Meditation is a powerful way to engage our souls with focused intentionality that produces numerous benefits, some of which the Bible has long touted, and others that science has more recently affirmed. But first, what is biblical meditation, and how does it differ from similar practices so popular in our culture today?
The term meditation is bandied about by a diverse army of proponents—from business executives to educators to talk show hosts to personal trainers—and the practices they promote are varied and nuanced. In general, however, most secular writing and teaching about meditation today refers to focusing and relaxation exercises. Using some combination of breath and single-minded concentration, the emphasis is on calming the mind, but not necessarily stretching it.
While these practices are valuable on a number of levels and can be used to prepare our hearts for time with God, they do not fit the understanding of meditation that the Bible provides. There are two Hebrew words that are often translated as meditation in Scripture. The first, hagah, is an intriguing term used to describe everything from a lion growling over its prey, to the sound of a harp being struck, to a dove cooing. The idea is that of muttering or musing or talking to oneself in response to something. The other word, siatch, incorporates concepts such as bringing forth, musing, studying, and pondering.[i] Both words come together in Psalm 143:5:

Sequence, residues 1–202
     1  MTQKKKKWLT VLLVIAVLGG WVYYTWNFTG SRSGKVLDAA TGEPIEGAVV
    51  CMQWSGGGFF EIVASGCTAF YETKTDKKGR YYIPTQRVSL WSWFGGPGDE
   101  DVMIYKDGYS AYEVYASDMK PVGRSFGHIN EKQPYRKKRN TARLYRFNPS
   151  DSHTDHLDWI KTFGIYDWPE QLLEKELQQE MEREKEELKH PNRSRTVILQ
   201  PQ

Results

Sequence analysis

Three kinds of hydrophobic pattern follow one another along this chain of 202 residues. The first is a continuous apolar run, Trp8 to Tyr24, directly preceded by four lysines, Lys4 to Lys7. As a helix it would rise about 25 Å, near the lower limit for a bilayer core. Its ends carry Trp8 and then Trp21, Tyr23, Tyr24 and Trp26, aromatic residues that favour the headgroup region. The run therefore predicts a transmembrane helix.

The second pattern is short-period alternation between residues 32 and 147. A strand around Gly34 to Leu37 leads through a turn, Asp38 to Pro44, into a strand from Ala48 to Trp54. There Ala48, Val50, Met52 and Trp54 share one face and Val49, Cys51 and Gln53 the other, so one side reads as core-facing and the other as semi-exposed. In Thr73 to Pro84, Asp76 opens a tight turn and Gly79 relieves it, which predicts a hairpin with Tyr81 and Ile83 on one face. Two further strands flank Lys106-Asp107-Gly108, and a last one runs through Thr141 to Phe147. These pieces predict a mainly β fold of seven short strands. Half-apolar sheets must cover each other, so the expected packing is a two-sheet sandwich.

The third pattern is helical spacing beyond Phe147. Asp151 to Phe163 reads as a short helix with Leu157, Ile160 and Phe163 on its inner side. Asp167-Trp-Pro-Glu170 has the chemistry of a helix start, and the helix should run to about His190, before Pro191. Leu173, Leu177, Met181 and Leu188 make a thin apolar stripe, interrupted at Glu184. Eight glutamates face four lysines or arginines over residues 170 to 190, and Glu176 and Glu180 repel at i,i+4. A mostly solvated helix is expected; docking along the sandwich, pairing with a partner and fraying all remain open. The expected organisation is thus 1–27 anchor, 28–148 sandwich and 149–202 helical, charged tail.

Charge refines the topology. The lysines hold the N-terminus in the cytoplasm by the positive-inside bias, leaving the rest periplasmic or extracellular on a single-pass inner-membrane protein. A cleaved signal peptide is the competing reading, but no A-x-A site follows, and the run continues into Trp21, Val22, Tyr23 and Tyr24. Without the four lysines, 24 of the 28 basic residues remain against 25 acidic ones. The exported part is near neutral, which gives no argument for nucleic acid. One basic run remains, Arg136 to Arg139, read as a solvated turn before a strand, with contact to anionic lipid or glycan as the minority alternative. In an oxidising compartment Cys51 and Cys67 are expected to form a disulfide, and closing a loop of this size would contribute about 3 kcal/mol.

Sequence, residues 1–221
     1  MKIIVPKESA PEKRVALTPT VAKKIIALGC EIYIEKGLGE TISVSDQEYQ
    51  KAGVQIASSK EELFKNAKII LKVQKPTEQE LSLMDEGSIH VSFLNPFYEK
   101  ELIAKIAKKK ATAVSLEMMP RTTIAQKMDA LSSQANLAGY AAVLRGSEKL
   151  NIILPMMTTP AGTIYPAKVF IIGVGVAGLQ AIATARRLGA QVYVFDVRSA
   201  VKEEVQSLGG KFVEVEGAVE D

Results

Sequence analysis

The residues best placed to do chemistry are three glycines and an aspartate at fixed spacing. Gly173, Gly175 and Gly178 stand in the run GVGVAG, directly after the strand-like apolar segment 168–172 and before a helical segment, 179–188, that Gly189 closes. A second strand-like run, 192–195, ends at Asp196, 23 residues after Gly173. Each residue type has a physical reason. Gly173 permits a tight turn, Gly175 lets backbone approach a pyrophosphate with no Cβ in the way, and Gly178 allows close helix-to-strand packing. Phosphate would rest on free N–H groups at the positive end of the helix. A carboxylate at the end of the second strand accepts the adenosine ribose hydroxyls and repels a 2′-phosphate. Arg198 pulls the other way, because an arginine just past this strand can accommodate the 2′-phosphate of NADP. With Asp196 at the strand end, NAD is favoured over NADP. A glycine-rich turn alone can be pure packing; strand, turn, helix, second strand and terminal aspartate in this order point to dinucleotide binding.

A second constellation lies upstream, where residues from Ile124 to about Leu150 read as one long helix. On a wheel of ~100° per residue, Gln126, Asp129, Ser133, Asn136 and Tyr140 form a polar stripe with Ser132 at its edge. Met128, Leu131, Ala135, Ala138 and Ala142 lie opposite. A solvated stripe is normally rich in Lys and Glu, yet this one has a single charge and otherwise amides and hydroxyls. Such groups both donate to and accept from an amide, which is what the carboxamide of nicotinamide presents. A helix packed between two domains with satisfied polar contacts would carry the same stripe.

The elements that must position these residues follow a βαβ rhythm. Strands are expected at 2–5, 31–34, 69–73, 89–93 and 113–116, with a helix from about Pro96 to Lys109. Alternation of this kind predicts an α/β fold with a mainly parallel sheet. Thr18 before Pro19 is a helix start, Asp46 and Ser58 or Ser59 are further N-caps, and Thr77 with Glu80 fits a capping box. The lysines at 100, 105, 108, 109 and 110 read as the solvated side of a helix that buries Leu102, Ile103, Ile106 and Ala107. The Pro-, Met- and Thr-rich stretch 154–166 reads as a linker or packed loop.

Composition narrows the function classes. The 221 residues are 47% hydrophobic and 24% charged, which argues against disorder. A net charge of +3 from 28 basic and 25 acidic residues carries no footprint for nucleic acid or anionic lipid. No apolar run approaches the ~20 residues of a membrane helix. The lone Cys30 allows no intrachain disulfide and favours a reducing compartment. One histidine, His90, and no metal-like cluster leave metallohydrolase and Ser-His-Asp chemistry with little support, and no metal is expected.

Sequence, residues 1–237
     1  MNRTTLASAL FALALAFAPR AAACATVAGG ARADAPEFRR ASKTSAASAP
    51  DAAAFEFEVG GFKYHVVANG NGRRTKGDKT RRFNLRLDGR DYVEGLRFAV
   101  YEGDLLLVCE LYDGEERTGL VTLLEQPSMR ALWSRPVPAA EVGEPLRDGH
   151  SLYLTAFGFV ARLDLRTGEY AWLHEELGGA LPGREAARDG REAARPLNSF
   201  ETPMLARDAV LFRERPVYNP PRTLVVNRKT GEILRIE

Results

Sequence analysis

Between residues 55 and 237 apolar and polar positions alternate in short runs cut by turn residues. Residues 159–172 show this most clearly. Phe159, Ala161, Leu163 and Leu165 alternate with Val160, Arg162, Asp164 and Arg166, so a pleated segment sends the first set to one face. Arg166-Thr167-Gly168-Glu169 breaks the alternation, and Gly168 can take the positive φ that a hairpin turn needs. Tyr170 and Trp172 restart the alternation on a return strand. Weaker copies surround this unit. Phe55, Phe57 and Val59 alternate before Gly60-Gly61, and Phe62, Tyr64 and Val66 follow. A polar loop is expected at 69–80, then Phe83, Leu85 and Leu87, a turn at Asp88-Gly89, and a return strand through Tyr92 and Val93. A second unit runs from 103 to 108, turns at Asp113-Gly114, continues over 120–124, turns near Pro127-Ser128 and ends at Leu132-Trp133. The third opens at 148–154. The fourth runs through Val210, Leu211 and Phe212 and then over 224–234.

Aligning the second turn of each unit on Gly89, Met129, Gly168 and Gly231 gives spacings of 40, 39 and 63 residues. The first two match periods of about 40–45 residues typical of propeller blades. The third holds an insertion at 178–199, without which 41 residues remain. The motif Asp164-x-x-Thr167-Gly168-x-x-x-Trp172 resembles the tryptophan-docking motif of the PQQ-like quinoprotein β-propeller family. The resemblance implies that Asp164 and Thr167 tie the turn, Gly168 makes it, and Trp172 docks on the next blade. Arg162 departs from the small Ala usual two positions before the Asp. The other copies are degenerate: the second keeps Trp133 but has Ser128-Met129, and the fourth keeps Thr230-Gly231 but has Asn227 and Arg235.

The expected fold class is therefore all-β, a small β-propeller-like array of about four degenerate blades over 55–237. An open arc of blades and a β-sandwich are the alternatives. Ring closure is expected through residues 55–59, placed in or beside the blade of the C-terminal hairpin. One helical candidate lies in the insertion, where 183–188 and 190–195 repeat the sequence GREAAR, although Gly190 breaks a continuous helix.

I meditate [hagah] on all that you have done;
I ponder [siatch] the work of your hands.
Most references to meditation in Scripture call for a focus on God’s Word—his laws, statutes, and precepts. For example, as Joshua prepared to lead the people into the Promised Land, God told him, “This Book of the Law shall not depart from your mouth, but you shall meditate on it day and night” (Joshua 1:8). Similarly, the psalmist wrote, “I will meditate on your precepts and fix my eyes on your ways” (Psalm 119:15). Other topics identified for meditation in Scripture include God’s works, his ways or attributes, and simply God himself.[ii]
Every human being thinks about God at some point. Those thoughts begin to establish pathways in our brain, whether we cultivate actual faith or not. And the truth is, our brains are capable of such depth and breadth that it seems we can never be fully satisfied, no matter how much we study, learn, or meditate on spiritual realities. Indeed, as one neuroscientist notes, “The more one contemplates God, the more mysterious God becomes.”[iii] When I read this I couldn’t help but think of God’s reminder that his thoughts and ways are as far from ours as the heavens are from the earth (Isaiah 55:9); no one really comprehends God’s thoughts except his Spirit (1 Corinthians 2:11). As Christ followers, we will simply never run out of material upon which to meditate.
From the countless calls in the Old Testament to remember what God has done, to practical reminders in the New Testament epistles to fix our minds on complex issues like truth or loveliness or honor, God continually elevates the role of the human mind. From a biblical perspective, however, the mind is not limited to cognitive understanding. It encompasses everything from perceiving to feeling to judging to deciding.[iv] Vine’s Expository Dictionary describes the mind as the “seat of reflective consciousness,” which points to the very capacity that sets us apart from every other species—our consciousness, our ability to reflect or to be self-aware.